The sub-arctic climate is the most extreme type of micro-thermal climates. In a micro-thermal climate the average temperature of the coldest month is below 0°C, and at least one month has an average temperature above 0°C.

Thus, the pole-ward boundary of the sub-arctic climate is set by the 0°C isotherm for the warmest month of the year.

This isotherm coincides with the pole-ward limit of the tree growth. Thus, the northern boundary of the sub-arctic climate is the pole-ward limit of forest growth as well.



The sub-arctic climate is found only in North America and Eurasia between 50″ or 55°N and 65° or 70°N latitudes. Only these two continents have large land masses in the higher middle latitudes to have this severe climate.

This climate in Eurasia extends from Sweden and Finland in Europe across much of the former Soviet Union to the Bering Sea and the Sea of Okhotsk. Taiga is the name given to the sub-arctic lands by the Russians.

Now, the term Taiga applies to the sub-arctic climates both in North America as well as in Eurasia. In North America the sub arctic climate extends from Alaska, across Canada, to Labrador and Newfoundland.

On its pole-ward margin this climate merges into tundra climate north of the 0° isotherm for the warmest month. On its southern margin the sub-arctic climate grades into the mild- summer type of humid continental climate.


In some parts of the continental interiors, the sub-arctic climate gradually passes into the semi-arid steppe climate where, located on the west coast of a continent, the boreal climate borders the marine west coast climate.

In North America the western, segment of the boreal climate is found a little beyond the Arctic Circle (66V2 °N). On the contrary, the boreal climate is pushed farther south towards the eastern margins of both North America and Eurasia.

It may be noted that the development of the sub-arctic climate is more extensive in Eurasia than it is in North America. Besides, the Eurasian sub-arctic climate is more severe as well.

The reasons are twofold. Firstly, the Eurasian land mass being larger, the effect of continentally is increased. Secondly, the effect of continentally is modified by the vast water surface of the Hudson Bay in Canada.


The sub arctic regions in the higher middle latitudes of North America and Eurasia are the major source regions for the cold polar air masses which invade other climatic regions further south. The higher middle latitude regions are characterized by high pressures, low temperatures, and relatively dry air.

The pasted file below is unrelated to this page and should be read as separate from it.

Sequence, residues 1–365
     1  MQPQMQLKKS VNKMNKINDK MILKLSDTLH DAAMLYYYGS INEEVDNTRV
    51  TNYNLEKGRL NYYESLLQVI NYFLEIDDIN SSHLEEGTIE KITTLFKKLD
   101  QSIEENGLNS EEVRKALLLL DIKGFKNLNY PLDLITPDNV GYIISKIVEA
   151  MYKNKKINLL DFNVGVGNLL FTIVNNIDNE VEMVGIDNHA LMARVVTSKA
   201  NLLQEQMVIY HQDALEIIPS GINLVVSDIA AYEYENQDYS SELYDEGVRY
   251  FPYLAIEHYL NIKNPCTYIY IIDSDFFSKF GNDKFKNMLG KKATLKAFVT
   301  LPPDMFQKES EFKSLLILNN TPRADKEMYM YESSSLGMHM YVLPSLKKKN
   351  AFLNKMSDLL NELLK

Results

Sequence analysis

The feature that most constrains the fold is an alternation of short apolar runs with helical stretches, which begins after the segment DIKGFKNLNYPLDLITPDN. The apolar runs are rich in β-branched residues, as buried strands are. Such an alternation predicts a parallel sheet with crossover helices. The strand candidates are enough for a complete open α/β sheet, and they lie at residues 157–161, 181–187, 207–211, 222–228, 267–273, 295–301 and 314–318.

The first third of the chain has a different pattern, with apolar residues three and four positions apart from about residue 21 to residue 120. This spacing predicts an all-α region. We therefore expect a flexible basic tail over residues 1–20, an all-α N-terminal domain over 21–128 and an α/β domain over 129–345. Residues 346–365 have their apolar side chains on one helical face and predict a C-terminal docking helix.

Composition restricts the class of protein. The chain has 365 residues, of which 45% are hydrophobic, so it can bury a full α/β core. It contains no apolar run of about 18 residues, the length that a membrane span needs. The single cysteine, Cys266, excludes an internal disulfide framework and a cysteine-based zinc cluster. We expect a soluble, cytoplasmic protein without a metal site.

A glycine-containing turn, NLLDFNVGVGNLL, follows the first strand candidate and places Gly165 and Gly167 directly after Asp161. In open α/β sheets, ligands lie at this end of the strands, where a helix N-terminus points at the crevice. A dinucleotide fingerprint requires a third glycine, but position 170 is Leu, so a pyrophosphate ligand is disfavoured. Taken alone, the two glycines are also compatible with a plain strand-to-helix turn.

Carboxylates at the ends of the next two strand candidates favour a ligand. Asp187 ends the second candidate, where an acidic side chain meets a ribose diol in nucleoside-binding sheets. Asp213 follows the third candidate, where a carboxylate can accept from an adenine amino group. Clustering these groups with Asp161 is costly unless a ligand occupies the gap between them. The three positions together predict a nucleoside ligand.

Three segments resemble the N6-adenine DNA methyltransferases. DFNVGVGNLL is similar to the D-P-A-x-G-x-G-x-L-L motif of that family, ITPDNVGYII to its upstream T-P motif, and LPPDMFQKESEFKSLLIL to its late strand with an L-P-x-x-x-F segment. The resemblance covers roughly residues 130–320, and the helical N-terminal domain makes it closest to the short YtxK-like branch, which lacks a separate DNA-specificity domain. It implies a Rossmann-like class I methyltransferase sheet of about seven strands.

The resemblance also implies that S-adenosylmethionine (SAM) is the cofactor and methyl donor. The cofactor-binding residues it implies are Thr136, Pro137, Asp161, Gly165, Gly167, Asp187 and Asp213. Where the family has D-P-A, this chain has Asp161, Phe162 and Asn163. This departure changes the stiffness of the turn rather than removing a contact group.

The continental position occupied by this climate results in intense heating and cooling of the land. However, because of their high-latitude position, the winter cooling is more intense than summer heating and lasts longer.

Therefore these climates have long and bitterly cold winters, whereas summers are very short and cool lasting for only one to three months.


Winter in this climatic region is of 8 months duration. Average January temperatures for a number of inland stations may give an idea of the winter conditions in the boreal climate : Eagle, Alaska -26°C; Dawson, Canada, -30.6°C; Okhotsk, U.S.S.R., -24°C; Yakutsk, U.S.S.R. -43.3°C; and Verkhoyansk, U.S.S.R., -50.6°C.

The Siberian sub-arctic climate has the lowest minimum temperature ever recorded on plains. Verkhoyansk and Oimekon have recorded the lowest temperature of -66.8°C, whereas the lowest temperature ever recorded in North American sub-arctic regions is only -62.8°C at Snag, Yukon. In Alaska and Canada winters are relatively less severe because of the smaller land masses and the moderating influence of the Hudson Bay.

The long winter nights in the sub-arctic regions further reduce the already low temperatures. Besides, long lasting snow cover reflects the small amount of radiation that reaches it with the result that little is absorbed. Snow cover cools the air so that areas of high atmospheric pressure are formed.